Slavery, Emancipation, and Tractors: Unanticipated Benefits of Doing The Right Things
As the story and true history goes, Confederate States of the United States felt they could not do without slaves, felt giving up of the right to own people as slaves would have too much of adverse effects on capacity for running farms or plantations.
The Federal Government of the United States vehemently disagreed with the Confederate States. The disagreement resulted in the American Civil War, a war which lasted between 1861 and 1865, a war decisively won by those who opposed slavery. While some people wonder at genuineness of the opposition to slavery, particularly in wake of events that transpired afterwards, an important principle of life is to not refuse to appreciate right actions merely because motives are not perfect.
If right actions are not appreciated merely because motives are not perfect, we end up with a world in which nothing right gets done.
Subsequent to the Civil War (1867) sharecropping was instituted for bridging of the path to full economic emancipation for former slaves. Even if it had been perfectly implemented, the sharecropping system had to be a temporary institution, an institution that provided economic relief for former slaves until something better could be instituted.
Asking people who are freed to remain dependent on former captors for livelihood perhaps is worse than slavery that is outlawed. Dependence on others is implied by slavery, but not by freedom.
As reasonably could be expected, former slaves would go on to suffer abuse in context of sharecropping contracts, would endure existences not much better, or perhaps even worse than had been the case in context of slavery. The sharecropping institution was so rife with abuse, by 1877 it had in essence been abolished.
What then happened?
Well, within 15 years, precisely in 1892, somewhere in rural Iowa, a farmer named John Froelich invented the tractor, initiating transformation of farming into a mechanized activity, an activity that no longer needed hundreds of slaves or sharecroppers, an activity that eventually could be handled by a 60 year old man sitting on tractors, tillers, harvesters etc.
It is as true today as it was then — necessity is mother of invention.
Absent outlawing of each of slavery and sharecropping, it perhaps is the case that John Froelich never takes any time to ponder how else to farm his land productively. In presence of the dilemma, in presence of the necessity, John Froelich takes the time to ponder, ends up with the tractor as his invention, as part of his legacy. The rest of course is history — since invention of the tractor, farming has not been the same in either of the United States or the rest of the world. Farming has become a respectable economic activity.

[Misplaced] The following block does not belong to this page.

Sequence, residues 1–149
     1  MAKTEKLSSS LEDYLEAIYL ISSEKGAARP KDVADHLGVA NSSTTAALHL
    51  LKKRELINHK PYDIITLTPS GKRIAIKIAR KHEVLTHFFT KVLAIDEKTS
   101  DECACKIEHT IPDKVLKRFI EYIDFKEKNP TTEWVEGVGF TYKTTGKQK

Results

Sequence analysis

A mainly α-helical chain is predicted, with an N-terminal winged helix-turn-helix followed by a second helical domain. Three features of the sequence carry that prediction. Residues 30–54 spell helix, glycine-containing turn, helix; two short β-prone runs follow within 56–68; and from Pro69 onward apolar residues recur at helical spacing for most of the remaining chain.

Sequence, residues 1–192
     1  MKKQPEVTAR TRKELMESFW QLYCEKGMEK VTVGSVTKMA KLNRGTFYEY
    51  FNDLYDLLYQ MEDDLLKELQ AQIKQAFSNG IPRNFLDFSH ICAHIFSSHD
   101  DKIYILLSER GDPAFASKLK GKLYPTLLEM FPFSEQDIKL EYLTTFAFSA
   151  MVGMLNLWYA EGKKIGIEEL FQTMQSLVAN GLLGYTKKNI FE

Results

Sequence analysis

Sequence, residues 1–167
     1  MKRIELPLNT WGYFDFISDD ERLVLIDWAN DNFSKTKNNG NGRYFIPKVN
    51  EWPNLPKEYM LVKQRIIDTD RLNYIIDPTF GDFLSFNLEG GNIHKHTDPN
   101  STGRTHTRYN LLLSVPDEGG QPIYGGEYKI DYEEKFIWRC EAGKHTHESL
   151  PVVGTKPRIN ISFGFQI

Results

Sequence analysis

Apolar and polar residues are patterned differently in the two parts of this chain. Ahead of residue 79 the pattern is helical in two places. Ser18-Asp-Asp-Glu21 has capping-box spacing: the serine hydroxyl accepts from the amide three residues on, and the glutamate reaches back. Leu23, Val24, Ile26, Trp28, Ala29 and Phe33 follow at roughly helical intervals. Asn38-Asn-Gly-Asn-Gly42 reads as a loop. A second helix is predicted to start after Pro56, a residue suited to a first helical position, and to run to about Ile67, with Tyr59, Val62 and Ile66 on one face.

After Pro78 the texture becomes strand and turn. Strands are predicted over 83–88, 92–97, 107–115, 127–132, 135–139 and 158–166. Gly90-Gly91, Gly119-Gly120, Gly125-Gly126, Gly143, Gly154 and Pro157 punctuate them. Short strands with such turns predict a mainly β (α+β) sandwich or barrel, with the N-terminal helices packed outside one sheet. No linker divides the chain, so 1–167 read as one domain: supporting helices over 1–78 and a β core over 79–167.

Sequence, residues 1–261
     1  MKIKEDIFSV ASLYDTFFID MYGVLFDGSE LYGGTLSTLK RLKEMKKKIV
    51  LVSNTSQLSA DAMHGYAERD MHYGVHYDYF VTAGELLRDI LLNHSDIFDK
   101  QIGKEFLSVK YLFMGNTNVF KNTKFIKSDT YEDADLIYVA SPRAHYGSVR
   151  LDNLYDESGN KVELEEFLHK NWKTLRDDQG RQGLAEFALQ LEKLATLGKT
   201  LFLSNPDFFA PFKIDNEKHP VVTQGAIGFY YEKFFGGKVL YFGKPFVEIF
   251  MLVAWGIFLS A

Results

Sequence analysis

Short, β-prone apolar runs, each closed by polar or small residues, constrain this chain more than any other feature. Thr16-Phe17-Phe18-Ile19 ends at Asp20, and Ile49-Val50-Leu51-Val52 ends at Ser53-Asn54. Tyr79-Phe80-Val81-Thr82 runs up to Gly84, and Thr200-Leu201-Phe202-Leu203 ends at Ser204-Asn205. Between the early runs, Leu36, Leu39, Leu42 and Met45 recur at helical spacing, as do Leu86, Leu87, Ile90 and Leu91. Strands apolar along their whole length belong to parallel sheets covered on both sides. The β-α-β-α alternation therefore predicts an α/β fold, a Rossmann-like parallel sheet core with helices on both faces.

Absent mechanization of farming, modern day civilization hardly would be possible. It would not be possible for no more than 5% of a population to generate enough food for the rest 95 percent.
If you focus on all of the challenges that come with doing ‘right things’, such as outlawing of slavery, and facilitation of economic emancipation for former slaves, you perhaps never take steps necessary for arrival at pursuit and doing of right things.
History is full of evidence, however, of unanticipated innovations, benefits, and prosperity that are outcome of the decision to pursue and do right things. When the Greeks decided to take on the Chaldeans in war — a decision that led to emancipation of the then known world from strictures of superstition — the path to victory was not clear, yet there was conviction of the right course of action. If the Chaldeans had remained rulers of the then known world, the intellectual world we live in today — a world some seek once again to turn barbaric — never could have materialized.
Perhaps you think things are pretty good already. Well, so did those Confederate States. But if you polled those same people subsequent to invention of the tractor and asked them which they would prefer: to give up tractors and go back to owning of slaves; or to stick with tractors, they probably would have chosen to hold on to those tractors. The ‘Economics’ would support holding on to tractors. With more people having to buy their own food, and costs of farming down in response to mechanization, each of slavery and sharecropping had become inherently bad economics.
No matter how good things seem to be at the moment, there always is progress, innovation, and prosperity waiting to be discovered, waiting to be ushered in, in context of pursuit and doing of right things. As the world wavers on it’s direction, if you and I pursue and do right things, we make it easier for leaders of Towns, Cities, Counties, States, and Countries to pursue and do right things.
There are ‘tractors’ of innovation and prosperity waiting to be discovered, waiting to be ushered in because you and I and everyone else choose to pursue and do right things.